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Talented Team Succeeds with Stunning Scottsdale Luxury Estate

Salcito Scottsdale Custom Home

Photo by Bradley Wheeler

Bring top talent together on one luxury project, and success is achieved before the homeowners even moved in.

When a couple purchased a 1.5-acre homesite in real estate success story Silverleaf, an exclusive enclave in Scottsdale, Arizona, they had in mind creating a setting that was elegant, yet able to withstand daily family life with two teenagers and family pets. To create their vision, the owners put together a dream team that included builder Anthony Salcito of Salcito Custom Homes, architect Dale Gardon of Dale Gardon Design, interior designer Rebecca Salcito and landscape designer Jeff Berghoff of Berghoff Design—Scottsdale Berghoff Design—Scottsdale talents who are well-known locally for their approaches to luxurious estate homes.

Photo by Roehner + Ryan

“They wanted a good-sized house,” recalls Anthony Salcito of the couple’s early conversations with the builder about what became their 9,500-square-foot residence. “Their lot was flat, with views of mountains to one side and city lights on the other, but the challenge was building a house that offered privacy from the three surrounding streets.”

“The placement of the buildings creates privacy for the family,” says Gardon, “but the gaps between the structures still let you see the views.”

Photo by Bradley Wheeler

Architect Gardon met the privacy challenge by designing the home as a compound that opens up to the back yard and pool. The main home features a L-shaped plan with the great room in one wing, and the master suite and children’s bedrooms in another. A separate garage structure forms another “wing” around the pool and has a second story that includes a bar and two guest suites. Gardon also strategically placed a freestanding cabana at the end of the pool, effectively blocking views of a neighboring house. “The placement of the buildings creates privacy for the family,” says Gardon, “but the gaps between the structures still let you see the views.”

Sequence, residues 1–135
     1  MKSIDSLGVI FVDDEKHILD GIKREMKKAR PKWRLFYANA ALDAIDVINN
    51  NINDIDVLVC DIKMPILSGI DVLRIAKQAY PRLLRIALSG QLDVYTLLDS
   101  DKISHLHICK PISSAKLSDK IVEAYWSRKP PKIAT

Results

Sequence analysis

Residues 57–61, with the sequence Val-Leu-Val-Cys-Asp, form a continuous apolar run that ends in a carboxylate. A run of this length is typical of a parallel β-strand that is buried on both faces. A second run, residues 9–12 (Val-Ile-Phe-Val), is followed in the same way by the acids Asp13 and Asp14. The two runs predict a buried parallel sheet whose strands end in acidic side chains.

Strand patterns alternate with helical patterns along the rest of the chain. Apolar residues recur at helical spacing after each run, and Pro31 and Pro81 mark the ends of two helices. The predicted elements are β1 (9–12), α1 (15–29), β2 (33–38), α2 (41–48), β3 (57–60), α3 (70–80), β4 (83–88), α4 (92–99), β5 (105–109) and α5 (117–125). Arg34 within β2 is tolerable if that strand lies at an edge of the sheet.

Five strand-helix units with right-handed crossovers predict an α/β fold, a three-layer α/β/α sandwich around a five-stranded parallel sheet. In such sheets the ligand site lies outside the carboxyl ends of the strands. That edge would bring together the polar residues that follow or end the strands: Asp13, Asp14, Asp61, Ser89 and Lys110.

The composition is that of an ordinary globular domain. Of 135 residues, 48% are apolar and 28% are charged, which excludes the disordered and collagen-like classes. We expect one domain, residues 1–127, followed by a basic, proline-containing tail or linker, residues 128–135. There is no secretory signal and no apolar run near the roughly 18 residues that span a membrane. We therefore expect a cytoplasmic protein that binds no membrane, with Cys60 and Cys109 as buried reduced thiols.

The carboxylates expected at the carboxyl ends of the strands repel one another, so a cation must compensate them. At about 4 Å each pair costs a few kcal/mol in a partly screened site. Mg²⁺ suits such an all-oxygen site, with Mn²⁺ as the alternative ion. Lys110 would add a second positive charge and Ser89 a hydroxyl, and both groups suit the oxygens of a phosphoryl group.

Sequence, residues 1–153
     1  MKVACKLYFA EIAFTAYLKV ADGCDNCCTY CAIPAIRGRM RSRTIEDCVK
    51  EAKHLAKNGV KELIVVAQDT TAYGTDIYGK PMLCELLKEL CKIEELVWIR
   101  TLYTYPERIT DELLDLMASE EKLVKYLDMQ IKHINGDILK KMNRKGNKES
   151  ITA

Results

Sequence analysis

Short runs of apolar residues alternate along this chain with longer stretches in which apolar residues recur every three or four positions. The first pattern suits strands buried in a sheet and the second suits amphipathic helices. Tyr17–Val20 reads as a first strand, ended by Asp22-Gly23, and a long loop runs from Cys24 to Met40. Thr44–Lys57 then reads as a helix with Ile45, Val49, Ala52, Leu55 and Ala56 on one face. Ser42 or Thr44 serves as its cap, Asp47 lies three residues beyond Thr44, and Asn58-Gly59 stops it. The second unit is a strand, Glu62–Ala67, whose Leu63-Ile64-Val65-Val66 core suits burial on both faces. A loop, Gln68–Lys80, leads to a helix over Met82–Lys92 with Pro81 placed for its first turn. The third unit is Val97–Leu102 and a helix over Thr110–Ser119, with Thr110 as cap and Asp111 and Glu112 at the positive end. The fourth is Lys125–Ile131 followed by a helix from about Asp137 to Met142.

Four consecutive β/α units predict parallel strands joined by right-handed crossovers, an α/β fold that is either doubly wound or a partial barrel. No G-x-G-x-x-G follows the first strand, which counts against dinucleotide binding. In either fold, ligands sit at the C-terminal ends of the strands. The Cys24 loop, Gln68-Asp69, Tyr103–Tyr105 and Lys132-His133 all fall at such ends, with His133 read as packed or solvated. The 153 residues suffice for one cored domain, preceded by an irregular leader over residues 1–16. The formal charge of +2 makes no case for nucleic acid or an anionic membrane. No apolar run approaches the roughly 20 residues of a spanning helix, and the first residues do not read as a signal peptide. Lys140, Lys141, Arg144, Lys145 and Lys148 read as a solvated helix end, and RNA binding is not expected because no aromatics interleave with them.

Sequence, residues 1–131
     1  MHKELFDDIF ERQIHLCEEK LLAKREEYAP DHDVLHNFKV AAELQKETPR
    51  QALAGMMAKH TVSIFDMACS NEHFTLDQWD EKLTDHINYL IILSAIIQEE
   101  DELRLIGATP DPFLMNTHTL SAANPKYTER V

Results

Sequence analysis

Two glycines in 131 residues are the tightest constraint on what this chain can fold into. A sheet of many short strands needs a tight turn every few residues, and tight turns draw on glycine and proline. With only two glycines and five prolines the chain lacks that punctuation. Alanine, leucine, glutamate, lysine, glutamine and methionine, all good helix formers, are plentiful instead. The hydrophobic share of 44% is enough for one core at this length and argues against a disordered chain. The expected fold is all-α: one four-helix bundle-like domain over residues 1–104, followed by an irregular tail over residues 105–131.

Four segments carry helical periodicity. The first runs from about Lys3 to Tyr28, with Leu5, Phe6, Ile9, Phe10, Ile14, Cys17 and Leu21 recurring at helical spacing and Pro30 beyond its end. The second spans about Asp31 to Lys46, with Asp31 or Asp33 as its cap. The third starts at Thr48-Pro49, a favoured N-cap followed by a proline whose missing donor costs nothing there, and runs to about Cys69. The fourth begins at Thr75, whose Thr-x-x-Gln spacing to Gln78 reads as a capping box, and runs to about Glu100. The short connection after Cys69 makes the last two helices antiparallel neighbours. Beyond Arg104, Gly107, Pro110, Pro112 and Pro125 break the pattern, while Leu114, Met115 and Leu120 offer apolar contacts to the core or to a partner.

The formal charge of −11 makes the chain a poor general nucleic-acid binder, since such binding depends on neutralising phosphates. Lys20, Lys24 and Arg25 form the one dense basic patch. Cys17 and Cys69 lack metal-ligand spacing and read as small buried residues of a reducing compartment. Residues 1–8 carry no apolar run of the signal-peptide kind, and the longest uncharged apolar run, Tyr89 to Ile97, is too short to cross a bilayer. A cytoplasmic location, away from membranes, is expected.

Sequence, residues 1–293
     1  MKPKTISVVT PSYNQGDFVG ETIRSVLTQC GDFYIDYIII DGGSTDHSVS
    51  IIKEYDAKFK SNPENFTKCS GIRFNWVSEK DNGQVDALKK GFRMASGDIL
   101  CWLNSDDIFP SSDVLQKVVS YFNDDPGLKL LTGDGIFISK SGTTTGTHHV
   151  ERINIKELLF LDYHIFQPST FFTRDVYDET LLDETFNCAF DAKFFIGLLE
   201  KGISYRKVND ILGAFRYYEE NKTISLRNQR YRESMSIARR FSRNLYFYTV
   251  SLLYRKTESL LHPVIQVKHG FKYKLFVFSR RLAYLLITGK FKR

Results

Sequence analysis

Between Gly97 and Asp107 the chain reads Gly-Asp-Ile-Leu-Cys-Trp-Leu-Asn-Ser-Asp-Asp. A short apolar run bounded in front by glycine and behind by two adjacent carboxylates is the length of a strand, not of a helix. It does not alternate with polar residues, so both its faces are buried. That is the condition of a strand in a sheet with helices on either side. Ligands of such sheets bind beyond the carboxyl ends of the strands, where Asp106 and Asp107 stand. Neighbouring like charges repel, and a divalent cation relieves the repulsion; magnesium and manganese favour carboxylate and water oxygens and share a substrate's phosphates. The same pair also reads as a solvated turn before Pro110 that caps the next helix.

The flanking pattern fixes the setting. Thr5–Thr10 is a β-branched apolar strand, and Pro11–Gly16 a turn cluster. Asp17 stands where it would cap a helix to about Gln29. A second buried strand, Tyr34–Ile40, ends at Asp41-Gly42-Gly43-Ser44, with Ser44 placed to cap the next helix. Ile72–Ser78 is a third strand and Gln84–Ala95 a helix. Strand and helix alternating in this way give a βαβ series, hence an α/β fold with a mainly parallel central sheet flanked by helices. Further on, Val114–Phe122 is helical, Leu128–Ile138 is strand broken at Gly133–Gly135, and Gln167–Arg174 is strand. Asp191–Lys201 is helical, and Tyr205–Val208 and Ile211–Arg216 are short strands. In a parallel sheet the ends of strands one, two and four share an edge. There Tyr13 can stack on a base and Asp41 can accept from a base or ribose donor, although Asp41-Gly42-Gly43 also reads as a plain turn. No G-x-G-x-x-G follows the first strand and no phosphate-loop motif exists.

Photo by Roehner + Ryan

In keeping with Silverleaf’s Mediterranean-themed design guidelines, architect and builder collaborated on the use of materials and details that signaled a simple, rural Mediterranean motif for the home’s exterior, juxtaposing smooth stucco planes with mortar-washed stone accent walls, and reiterating the theme with cut stone lintels above windows, a carved limestone entry surround, slate gray shutters, shed roof structures, fabric awnings for the windows and a clay tile roof. “This is not a heavy, rustic look,” Gardon points out. “It’s cleaner architecturally, and the interior has a light palette with a lot of natural illumination.”

Photo by Bradley Wheeler

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Indeed, the interior is awash with desert sunshine, thanks to elements such as a bay window off the kitchen, clerestory windows and telescoping glass walls that open onto the back patio, linking indoors and out. Italian oak flooring adds warmth underfoot, while ceilings in each room also received special attention—such as the open trusses and beams that add a sense of scale for the great room and the dining room’s barrel-vaulted brick ceiling, which imparts a sense of intimacy to the space.

Against this airy backdrop, interior designer Rebecca Salcito guided the owners in choosing custom cabinetry and millwork, finishes and furnishings. “The owners wanted the house to work for their casual lifestyle and the way they entertain,” she explains. “They wanted a simple—not fussy—look for the interiors where their teens and friends could feel at home.”

The design details continued outdoors, where patios were furnished for dining, conversations and lounging.

Photo by Bradley Wheeler

The design details continued outdoors, where patios were furnished for dining, conversations and lounging. Landscape designer Berghoff suggested a traditional look for the garden areas, surrounding swaths of pet- and family-friendly lawn with neatly arranged beds of desert natives and other drought-tolerant plantings, keeping trees to a minimum so that views were not blocked.

“The house is light and refreshing,” summarizes Anthony Salcito. “You walk in the front door and see right into the back yard. What could be better than that?”

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